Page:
Goody Cole





Goodwife Eunice Cole, of Hampton, Massachusetts, was so vehemently

suspected to be a witch that in 1680 she was thrown into jail with a

chain on her leg. She had a mumbling habit, which was bad, and a wild

look, which was worse. The death of two calves had been charged to her

sorceries, and she was believed to have raised the cyclone that sent a

party of merrymakers to the sea-bottom off the Isles of Shoals, for

insulting her that morning. Some said that she took the shapes of eagles,

dogs, and cats, and that she had the aspect of an ape when she went

through the mummeries that caused Goody Marston's child to die, yet while

she was in Ipswich jail a likeness of her was stumping about the

graveyard on the day when they buried the child. For such offences as

that of making bread ferment and give forth evil odors, that housekeepers

could only dispel by prayer, she was several times whipped and ducked by

the constable.



At last she lay under sentence of death, for Anna Dalton declared that

her child had been changed in its cradle and that she hated and feared

the thing that had been left there. Her husband, Ezra, had pleaded with

her in vain. 'Tis no child of mine, she cried. 'Tis an imp. Don't you

see how old and shrewd it is? How wrinkled and ugly? It does not take my

milk: it is sucking my blood and wearing me to skin and bone. Once, as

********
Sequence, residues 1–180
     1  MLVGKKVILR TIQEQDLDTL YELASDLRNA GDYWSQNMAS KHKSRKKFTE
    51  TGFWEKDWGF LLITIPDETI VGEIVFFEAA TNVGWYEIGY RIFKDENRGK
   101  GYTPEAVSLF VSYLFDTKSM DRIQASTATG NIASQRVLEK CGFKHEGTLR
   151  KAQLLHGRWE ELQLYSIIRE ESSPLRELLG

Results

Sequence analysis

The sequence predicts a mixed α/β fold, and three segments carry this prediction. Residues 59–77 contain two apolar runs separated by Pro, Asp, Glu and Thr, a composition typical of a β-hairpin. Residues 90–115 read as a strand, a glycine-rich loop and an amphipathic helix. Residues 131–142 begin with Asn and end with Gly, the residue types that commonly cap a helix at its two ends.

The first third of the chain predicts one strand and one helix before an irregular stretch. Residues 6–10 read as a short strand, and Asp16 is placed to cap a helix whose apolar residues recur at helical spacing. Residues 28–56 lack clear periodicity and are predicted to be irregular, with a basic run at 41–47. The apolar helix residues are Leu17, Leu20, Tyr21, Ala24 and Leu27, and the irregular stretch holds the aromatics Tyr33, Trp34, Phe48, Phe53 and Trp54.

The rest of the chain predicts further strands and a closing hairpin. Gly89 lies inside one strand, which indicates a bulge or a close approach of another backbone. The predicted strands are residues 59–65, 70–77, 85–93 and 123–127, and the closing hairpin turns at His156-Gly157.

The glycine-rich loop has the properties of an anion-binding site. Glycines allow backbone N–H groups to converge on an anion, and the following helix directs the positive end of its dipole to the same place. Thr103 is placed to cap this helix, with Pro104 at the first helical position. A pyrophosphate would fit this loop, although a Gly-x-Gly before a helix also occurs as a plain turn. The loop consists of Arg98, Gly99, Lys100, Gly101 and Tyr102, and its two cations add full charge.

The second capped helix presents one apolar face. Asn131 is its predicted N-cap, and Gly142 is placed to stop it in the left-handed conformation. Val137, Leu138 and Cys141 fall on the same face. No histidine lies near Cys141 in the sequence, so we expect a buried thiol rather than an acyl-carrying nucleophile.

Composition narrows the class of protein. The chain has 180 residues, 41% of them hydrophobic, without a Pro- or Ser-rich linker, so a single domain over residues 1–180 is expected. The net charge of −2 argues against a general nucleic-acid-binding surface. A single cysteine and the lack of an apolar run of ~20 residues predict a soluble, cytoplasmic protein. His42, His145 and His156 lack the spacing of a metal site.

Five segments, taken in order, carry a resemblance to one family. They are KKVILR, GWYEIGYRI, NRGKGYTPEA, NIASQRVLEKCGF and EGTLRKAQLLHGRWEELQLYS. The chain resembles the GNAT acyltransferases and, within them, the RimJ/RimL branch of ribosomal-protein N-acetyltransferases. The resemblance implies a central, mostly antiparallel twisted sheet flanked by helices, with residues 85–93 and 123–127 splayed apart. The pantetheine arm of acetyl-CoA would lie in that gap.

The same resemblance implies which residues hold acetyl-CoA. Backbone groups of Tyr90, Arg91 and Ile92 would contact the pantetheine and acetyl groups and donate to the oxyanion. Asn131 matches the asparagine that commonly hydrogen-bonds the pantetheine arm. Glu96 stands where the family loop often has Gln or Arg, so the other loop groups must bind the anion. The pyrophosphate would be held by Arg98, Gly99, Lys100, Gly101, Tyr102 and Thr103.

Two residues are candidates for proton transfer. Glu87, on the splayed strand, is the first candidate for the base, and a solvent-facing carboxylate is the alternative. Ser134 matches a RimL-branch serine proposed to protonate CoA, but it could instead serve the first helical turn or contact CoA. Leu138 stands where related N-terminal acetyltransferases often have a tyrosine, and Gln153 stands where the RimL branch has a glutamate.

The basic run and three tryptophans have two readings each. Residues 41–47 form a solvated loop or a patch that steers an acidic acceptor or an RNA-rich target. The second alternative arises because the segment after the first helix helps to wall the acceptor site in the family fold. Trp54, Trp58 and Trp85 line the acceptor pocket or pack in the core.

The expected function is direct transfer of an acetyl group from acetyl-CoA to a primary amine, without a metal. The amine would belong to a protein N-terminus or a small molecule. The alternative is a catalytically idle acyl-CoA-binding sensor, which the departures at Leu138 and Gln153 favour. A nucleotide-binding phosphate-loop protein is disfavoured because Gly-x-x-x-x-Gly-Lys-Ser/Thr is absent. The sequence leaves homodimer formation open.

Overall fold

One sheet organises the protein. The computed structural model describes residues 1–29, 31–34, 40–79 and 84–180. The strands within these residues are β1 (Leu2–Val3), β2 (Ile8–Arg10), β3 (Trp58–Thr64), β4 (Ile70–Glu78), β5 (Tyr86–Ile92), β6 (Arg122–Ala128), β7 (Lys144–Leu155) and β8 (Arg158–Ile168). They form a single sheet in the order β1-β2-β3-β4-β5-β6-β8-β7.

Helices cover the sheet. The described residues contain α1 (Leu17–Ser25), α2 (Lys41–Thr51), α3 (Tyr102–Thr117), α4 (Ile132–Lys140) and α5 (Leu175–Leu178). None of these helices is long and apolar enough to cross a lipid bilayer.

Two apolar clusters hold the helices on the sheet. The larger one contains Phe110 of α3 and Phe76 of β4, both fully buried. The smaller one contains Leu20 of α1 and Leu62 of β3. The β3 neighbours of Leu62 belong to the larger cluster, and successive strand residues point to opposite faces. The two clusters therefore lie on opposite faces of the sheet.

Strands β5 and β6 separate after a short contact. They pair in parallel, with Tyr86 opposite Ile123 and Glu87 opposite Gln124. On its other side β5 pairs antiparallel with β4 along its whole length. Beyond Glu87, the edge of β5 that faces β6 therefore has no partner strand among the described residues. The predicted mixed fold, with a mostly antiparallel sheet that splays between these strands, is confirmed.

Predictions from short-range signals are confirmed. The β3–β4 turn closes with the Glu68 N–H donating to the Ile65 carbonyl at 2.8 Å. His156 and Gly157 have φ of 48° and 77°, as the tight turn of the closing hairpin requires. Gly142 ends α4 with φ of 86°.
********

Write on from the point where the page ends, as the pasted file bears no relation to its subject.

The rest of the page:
she sat brooding by the fire, she turned to her husband and said, Rake

the coals out and put the child in them. Goody Cole will fly fast enough

when she hears it screaming, and will come down chimney in the shape of

an owl or a bat, and take the thing away. Then we shall have our little

one back.



Goodman Dalton sighed as he looked into the worn, scowling face of his

wife; then, laying his hands on her head, he prayed to God that she might

be led out of the shadow and made to love her child again. As he prayed a

gleam of sunset shone in at the window and made a halo around the face of

the smiling babe. Mistress Dalton looked at the little thing in doubt;

then a glow of recognition came into her eyes, and with a sob of joy she

caught the child to her breast, while Dalton embraced them both, deeply

happy, for his wife had recovered her reason. In the midst of tears and

kisses the woman started with a faint cry: she remembered that a poor old

creature was about to expiate on the gallows a crime that had never been

committed. She urged her husband to ride with all speed to justice Sewall

and demand that Goody Cole be freed. This the goodman did, arriving at

Newbury at ten o'clock at night, when the town had long been abed and

asleep. By dint of alarms at the justice's door he brought forth that

worthy in gown and night-cap, and, after the case had been explained to

him, he wrote an order for Mistress Cole's release.



With this paper in his hand Dalton rode at once to Ipswich, and when the

cock crew in the dawning the victim of that horrible charge walked forth,

without her manacles. Yet dark suspicion hung about the beldam to the

last, and she died, as she had lived, alone in the little cabin that

stood near the site of the academy. Even after her demise the villagers

could with difficulty summon courage to enter her cot and give her

burial. Her body was tumbled into a pit, hastily dug near her door, and a

stake was driven through the heart to exorcise the powers of evil that

possessed her in life.





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